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Ways for Foregners to Own Property in Thailand

Posted by InfoSamui on 22/07/2017
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If you are already familiar with the Thai property market or you have previously looked into buying a house in the Land of Smiles, you will no doubt have come across information with regards to if it is possible for foreigners to own property in Thailand.

It is true that there are a number of restrictions in place with regards foreign land ownership and whilst at first these restrictions may seem a little off putting for some people, generally speaking, buying or investing in property is as realistic in Thailand as it is in other popular overseas destinations.

Figures released in October 2017 by the Board of Investment state that Thailand is attracting record numbers of international investors. In addition to this, its foreign real estate market in areas such as Bangkok, Hua Hin, Pattaya and Chiang Mai is thriving, as is the tourism sector across the country, with record numbers of tourists arriving in Thailand in 2016.

If you are thinking of buying a house or condo in Thailand then as always, make sure you properly research not only the property itself but also try to get an understanding of the legal aspect involved.

Check out: Top Tips for Buying Property in Thailand

Don’t be put off by what at first sight may seem like a legal minefield.

Let’s face it, plenty of foreigners have successfully managed to invest in the property market in Thailand, without any problems.

What are the restrictions on foreigners owning property in Thailand?

Previously, apart a few very minor exceptions, foreigners were unable to legally buy a house, condo or any other kind of property or land in Thailand. However, from 1997 onwards, Thailand has relaxed its laws on foreigners owning property in the country.

Today, some restrictions still remain in place but it is now much easier for foreigners to purchase property, as Thailand’s ever expanding foreign property market shows.

In nearly all situations, foreigners are unable to own land in Thailand directly, although foreigners can take out a legally registered lease in their own name that offers them security throughout the duration of the lease. With regards to property ownership, the good news is that foreigners can own property in Thailand completely in their own name, without any restrictions whatsoever.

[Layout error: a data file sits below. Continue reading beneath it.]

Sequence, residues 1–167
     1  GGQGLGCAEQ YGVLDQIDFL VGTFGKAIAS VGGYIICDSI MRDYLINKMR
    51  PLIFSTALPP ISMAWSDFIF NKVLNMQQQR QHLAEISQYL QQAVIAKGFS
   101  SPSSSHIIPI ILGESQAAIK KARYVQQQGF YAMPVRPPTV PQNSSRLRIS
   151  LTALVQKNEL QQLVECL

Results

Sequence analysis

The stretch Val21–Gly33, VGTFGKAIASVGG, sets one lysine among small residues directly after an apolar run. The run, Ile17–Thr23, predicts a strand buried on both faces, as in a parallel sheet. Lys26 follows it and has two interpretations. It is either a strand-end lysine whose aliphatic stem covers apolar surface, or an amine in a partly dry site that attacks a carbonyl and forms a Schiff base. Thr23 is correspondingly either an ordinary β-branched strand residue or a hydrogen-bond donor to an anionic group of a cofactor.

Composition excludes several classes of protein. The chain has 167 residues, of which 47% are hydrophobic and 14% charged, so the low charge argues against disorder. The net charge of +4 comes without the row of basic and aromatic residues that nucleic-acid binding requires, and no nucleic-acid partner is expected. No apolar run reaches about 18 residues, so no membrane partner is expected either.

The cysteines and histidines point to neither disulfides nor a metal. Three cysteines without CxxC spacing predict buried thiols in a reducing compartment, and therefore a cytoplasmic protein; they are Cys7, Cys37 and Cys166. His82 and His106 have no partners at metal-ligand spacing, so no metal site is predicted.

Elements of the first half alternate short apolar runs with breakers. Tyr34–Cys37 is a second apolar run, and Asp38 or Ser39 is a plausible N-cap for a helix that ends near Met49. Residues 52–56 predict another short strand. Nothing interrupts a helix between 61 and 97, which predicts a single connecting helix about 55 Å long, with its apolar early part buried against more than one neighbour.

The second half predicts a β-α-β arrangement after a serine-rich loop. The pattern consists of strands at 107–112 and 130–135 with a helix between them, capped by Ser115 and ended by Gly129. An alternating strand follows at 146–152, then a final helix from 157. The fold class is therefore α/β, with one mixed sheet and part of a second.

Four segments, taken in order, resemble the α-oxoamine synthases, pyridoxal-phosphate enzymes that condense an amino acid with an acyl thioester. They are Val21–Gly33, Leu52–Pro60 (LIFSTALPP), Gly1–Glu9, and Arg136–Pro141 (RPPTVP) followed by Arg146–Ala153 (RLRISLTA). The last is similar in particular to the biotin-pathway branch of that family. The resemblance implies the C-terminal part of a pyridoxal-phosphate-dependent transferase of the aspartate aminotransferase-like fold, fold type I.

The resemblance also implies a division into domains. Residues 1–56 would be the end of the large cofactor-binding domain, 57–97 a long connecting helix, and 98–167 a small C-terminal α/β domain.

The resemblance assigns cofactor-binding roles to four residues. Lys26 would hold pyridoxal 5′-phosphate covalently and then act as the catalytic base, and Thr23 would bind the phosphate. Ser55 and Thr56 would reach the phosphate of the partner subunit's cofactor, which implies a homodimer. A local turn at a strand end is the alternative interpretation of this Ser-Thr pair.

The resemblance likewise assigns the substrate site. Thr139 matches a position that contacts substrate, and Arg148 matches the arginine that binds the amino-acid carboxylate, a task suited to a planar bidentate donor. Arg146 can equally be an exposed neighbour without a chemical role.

With regards to condominiums, foreigners can buy a condo freehold without restrictions, and indeed this is a popular option for many expats, but only in a building where more than 51% of the total number of units are Thai owned, otherwise a foreigner can only buy the leasehold.

Ways around restrictions on foreign ownership

A previously popular method involved setting up a joint venture with a Thai entity, in the form of a Thai Limited Liability Company. Under Thai law, the Thai national would need to be the majority shareholder. An agreement would then be put in place that would result in the Thai entity handing over complete power of attorney to the foreign partner, which would then provide them with a significant degree of security in the venture, and in turn in the ownership of the property.

The owners of the joint venture would then be required to complete a tax return and pay a small amount of administrative fees and taxation each year.

However, using nominee shareholders and creating joint ventures for the sole purpose of owning property is now illegal in Thailand and in recent years the authorities in Thailand have started taking steps to try and stop this kind of practice.

Long term leasehold agreements – the recommended option

Another and all together more favorable, hassle free and the recommended way for foreigners to own property in Thailand is to go down the route of opting for a long term lease, which is automatically renewable. Whilst this practice doesn’t obviously secure title ownership, long term leaseholds are incredibly common with foreigners buying property in Thailand and are also very secure.

Long term leaseholds are commonly used when purchasing property in a modern residential development in Thailand. Whilst the  terms of such agreement will vary from one development or property to another, typically an initial leasehold will be taken out for a period of 30 years. Further leases could then be agreed with the land owner but these may not be enforceable under Thai law.

Find out more on foreign property ownership in Thailand

For many expats, Thailand still represents and attractive location in which to buy a house or condo. As mentioned, the property market in Thailand continues to grow, as does the its booming tourism industry.

If you are still unsure of the restrictions with regards to land ownership or would like more information on foreigners owning property in Thailand then you should seek independent legal advice from a reputable professional who has extensive expertise and knowledge in this area.

Whilst Thai Living Club is home to the most up to date property listings in Thailand, we don’t claim to be legal experts and would always recommend speaking to a qualified legal professional to answer any questions you may have on this matter.

Where Thaivisa Property can help you with your Thailand property search is through our extensive regularly updated property listing, which features a wide range of properties in some of the most popular locations in Thailand, such as Bangkok, Hua Hin, Pattaya, Phuket, Koh Samui, Chiang Mai and Krabi.

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